I’m a Cornishman, born and bred. I’ve lived there my whole life, right up until September when I emigrated to the country of England. Here, I live in Eastbourne (due to University) and as such, have had to adapt to the different ways of those ‘Anglo-Saxons’.
Eastbourne has its charms – it’s right next to the sea, and the South Downs ensure that there’s greenery nearby too. It’s almost like I’ve just picked up and moved my home, right?
There. Are. No. PASTY SHOPS.
Imagine the horror as I traipse around the streets and the Arndale Centre only to be left in bitter disappointment, finding nothing in the way of delicious pastry? To The Arndale’s credit, there is a Gregg’s… but it’s just not the same. There are plentiful coffee shops though. Bleddy townies!
Anywho, last week I happened upon a small cafe called Rockwell’s. I stopped inside with some friends, had a sandwich and all was well and good. Then, as I exited the building, I noticed on the wall:
“Next time, Charlie.” I thought.
That next time just so happened to be yesterday, when I went out to do a bit of shopping. I hadn’t eaten all day and craved a taste of Cornwall’s finest, so in I stepped.
I asked for a Cornish Pasty. I couldn’t see the sign on the wall, so wasn’t sure if they called them that, but rest assured, it didn’t deserve the title anyway. The first thing I noticed after paying the hundred-and-fifty pennies was that the white paper bag in which it was served turned translucent with grease. Pasties are greasy by nature, but not usually so saturated that they seep through the bag.
I must stress, I was really hungry. If I was a character on the Sims, you’d see this:
I shuffled the paper down and took a bite. I didn’t get any filling in the first bite, just pastry. To be honest, the pastry was actually not bad at all, very flaky and it tasted pretty good too. Hopefully it was hand-made, rather than some Jus-Roll packaged stuff. I examined the pasty before I took any more bites, and sadly, the outside was not crimped at all. I didn’t have time to take a picture of it (I was frankly embarrassed to be seen with the thing) but it was something similar to this:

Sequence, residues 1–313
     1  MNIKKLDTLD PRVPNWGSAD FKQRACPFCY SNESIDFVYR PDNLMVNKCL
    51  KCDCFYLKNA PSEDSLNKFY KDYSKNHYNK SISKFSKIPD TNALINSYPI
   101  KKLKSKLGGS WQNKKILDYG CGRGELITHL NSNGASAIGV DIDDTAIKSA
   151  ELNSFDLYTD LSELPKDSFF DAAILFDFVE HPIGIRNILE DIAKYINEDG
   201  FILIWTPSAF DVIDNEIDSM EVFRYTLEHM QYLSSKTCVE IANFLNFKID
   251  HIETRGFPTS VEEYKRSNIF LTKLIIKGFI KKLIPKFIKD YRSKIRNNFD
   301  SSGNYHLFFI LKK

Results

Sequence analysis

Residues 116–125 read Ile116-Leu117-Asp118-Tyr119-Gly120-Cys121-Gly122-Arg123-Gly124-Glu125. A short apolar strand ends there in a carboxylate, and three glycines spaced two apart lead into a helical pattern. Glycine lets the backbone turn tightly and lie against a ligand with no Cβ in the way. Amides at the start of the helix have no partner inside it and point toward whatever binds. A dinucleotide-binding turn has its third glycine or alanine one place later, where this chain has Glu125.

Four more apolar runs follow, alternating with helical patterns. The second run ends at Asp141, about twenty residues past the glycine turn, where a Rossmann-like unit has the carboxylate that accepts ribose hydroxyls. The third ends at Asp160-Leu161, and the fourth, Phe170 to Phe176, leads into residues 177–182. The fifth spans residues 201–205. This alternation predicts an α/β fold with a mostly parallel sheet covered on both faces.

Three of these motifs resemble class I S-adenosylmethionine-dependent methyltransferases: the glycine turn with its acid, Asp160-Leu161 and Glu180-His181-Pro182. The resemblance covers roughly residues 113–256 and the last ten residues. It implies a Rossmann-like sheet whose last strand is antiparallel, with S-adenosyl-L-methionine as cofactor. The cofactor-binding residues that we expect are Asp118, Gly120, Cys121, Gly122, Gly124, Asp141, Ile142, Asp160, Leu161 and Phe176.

The next bite proved to be the ultimate insult to my Westcountry tastebuds.
“What the hell is that?!” I thought. I peered inside at the chasm I had just made with my teeth, and I couldn’t tell what the meat was. It wasn’t casserole steak or skirt like it should be. It wasn’t even mince. I’m actually not sure if it was even beef. It was squidgy and a bit gritty, it was grey-brown in colour and tasted like Sage and onion stuffing.
Perhaps the veggies would salvage this pastry pocket? Not so – there were no onions! Wars have been started for less than this.
Potato was scarce, and I tasted nothing in the way of salt or pepper. Swede? Haha, jog on. There was another vegetable inside, but it was Buggs Bunny’s perennial nemesis of the carrot, rather than the sweet, comforting, snuggly jumper of a flavour that is swede.
I ate down to half way of the thing to see if it was just a bad start, but things did not improve. The sloppy, unseasoned and unknown meat was almost inedible, and I duly binned the rest.
I was not expecting excellence – I wasn’t even expecting a good pasty, but I thought that it would at least have the right ingredients in it, and taste as such. Have I made a mistake? Is Eastbourne the place for me after all? Without satisfactory flavours of the Celtic County, I may just waste away here… Or I’ll just make some of my own next week.
Sigh… let’s do this then.
I suppose this just shows that there is a niche up here for a bakery! Maybe I need to look further. This item was not worthy of being called a pasty, however, I hope all my Cornish homies are insulted and will duly start sending me Large Steaks in the post. The pastry was a false dawn giving a decent first impression, and as soon as I examined the ‘meat’ inside, it was pretty much all down hill. Disappointed and despondent was I, but don’t worry – I went to Sainsbury’s afterward to buy some ingredients for Spagbol. Ansom.